Thailand’s caretaker government headed by coup leader Prime Minister Prayuth Chan-ocha has been slammed for hosting a gathering of neighbouring countries to discuss Myanmar’s horrific political standoff. An endeavour that has been criticized for undermining regional peace efforts and being carried out by ASEAN.
According to a statement issued by Thailand’s Ministry of Foreign Affairs on Sunday, the objective of the informal dialogue, which Thailand is hosting for the third time, is to address a variety of themes in order to supplement the efforts of the Association of Southeast Asian Nations to resolve the situation in Myanmar.
It stated that representatives from Laos, Cambodia, India, China, Brunei, and Vietnam, as well as Myanmar, would participate – a highly problematic topic because ASEAN leaders had agreed to exclude the ruling generals from their meetings.
Malaysia, Indonesia, and Singapore are among the ASEAN members will not be present at the meeting. They are among those putting the most pressure on Myanmar’s military leadership to take steps towards peace.
Myanmar’s crisis began in February 2021, when the military overthrew Aung San Suu Kyi’s elected administration. The coup sparked large public protests, which were violently suppressed by security forces, sparking an armed resistance that has now expanded across much of the country.
ASEAN’s five-point plan on Myanmar
At a conference last month, Indonesian President Joko Widodo, whose nation chairs ASEAN this year, recognised to his fellow leaders that little progress had been made in ending the civil unrest, and reaffirmed a plea for an end to the carnage.
ASEAN, of which Myanmar is a part, agreed on a five-point plan two years ago, which includes a request for an immediate halt to killings and other forms of violence, as well as the start of a national dialogue. However, although initially adopting the proposal, the country’s military leadership have made little attempt to put it into action.
Because of its failure to cooperate with the plan, ASEAN later declared that Myanmar was not welcome to send top officials of its military administration to regional meetings. However, Thailand’s foreign minister has been invited to join the conference on Monday.
Malaysia’s foreign minister, Zambry Abdul Kadir, said in a statement Sunday that he would be unable to attend “due to prior commitments,” but that ASEAN’s peace plan “remained ASEAN’s valid reference and mandate in addressing the Myanmar issue.”
It was “critical that ASEAN demonstrate its unity in support of the ASEAN Chair and ASEAN processes that are consistent with the mandate and decisions made by ASEAN leaders,” it stated.
Thailand Engaging Myanmar Over ASEAN
Thai Foreign Minister Don Pramudwinai justified the meeting in media appearances on Sunday, saying it aimed to provide Myanmar with an update on its position. Thailand did not organise it on behalf of ASEAN, and an open invitation was extended to all nations interested in hearing from Myanmar.
“Dialogue is a basic requirement of diplomacy in the pursuit of peaceful solutions.” Thailand, a neighbouring country with a 2,400-kilometer border with Myanmar, wishes to see a stop of violence, which will eventually lead to peace and stability within Myanmar, according to a statement from the Thai foreign ministry.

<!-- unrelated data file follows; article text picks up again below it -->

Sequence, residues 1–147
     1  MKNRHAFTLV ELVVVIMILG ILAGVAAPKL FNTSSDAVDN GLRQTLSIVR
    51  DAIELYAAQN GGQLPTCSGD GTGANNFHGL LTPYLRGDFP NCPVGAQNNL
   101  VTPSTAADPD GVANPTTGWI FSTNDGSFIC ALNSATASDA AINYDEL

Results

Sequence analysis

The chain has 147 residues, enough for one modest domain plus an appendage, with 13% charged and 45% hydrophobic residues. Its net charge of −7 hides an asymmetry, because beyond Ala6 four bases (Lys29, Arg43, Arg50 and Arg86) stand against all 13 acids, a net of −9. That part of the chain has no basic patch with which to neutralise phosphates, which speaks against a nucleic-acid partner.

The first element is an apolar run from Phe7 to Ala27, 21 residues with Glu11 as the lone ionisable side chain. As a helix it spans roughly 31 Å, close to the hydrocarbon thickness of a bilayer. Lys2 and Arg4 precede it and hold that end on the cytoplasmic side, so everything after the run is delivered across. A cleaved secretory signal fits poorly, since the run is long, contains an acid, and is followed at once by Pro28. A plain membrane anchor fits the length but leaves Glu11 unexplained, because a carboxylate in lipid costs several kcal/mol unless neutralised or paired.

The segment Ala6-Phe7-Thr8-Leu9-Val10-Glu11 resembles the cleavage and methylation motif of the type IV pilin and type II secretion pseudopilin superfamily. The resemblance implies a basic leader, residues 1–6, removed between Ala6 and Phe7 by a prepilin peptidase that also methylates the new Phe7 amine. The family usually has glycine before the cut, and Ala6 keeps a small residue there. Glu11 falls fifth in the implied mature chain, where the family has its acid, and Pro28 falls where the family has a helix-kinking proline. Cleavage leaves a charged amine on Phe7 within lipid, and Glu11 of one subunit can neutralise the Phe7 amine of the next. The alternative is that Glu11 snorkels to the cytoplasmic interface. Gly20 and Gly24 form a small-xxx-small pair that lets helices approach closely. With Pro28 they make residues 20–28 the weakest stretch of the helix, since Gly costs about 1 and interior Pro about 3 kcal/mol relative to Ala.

The foreign ministry statement did not specify where the meeting would take place, but Don told the Associated Press that it will take place in the eastern shore vacation city of Pattaya.
Myanmar opposition parties have slammed the gathering arrangements.
More than 300 civil society organisations signed a statement calling it “a complete affront to the people of Myanmar who have sacrificed their lives to resist the Myanmar military’s attempt to seize power through years-long terror campaign against the entire nation.”
“We demand that the caretaker Thai Government cancel this meeting immediately,” the statement stated, urging other delegates to do the same.
Some Thai critics questioned why the meeting was convened so abruptly, despite the fact that the present caretaker administration would be replaced by opposition parties who won elections in May by August.
New Government to be Tougher on Myanmar
Pita Limjaroenrat, the leader of the progressive Move Forward Party, which won the most seats in Parliament, has indicated that his administration will be tougher on Myanmar than the present administration of retired Gen Prayuth Chan-ocha.
Gen Prayuth, who has been in power since leading a coup to depose an elected civilian government in 2014, has been chastised for his close relationship with Myanmar’s military authorities.
Thailand has a convoluted relationship with Myanmar, which was once a rival but is now a source of border trade, migrant labour, and natural gas, with strong army-to-army relationships and profitable Thai investments in Myanmar.
However, it is unclear why Thailand’s caretaker government, led by Gen Prayuth Chan-ocha, is going to bat for Myanmar’s generals with only a few weeks left in office.
Foreign Minister Don defended the move, claiming that Thailand was suffering from border, commerce, and refugee issues. Prime Minister Prayuth Chan-ocha, a former coup leader and junta chairman, emphasised that Thailand was not supporting with Myanmar’s military.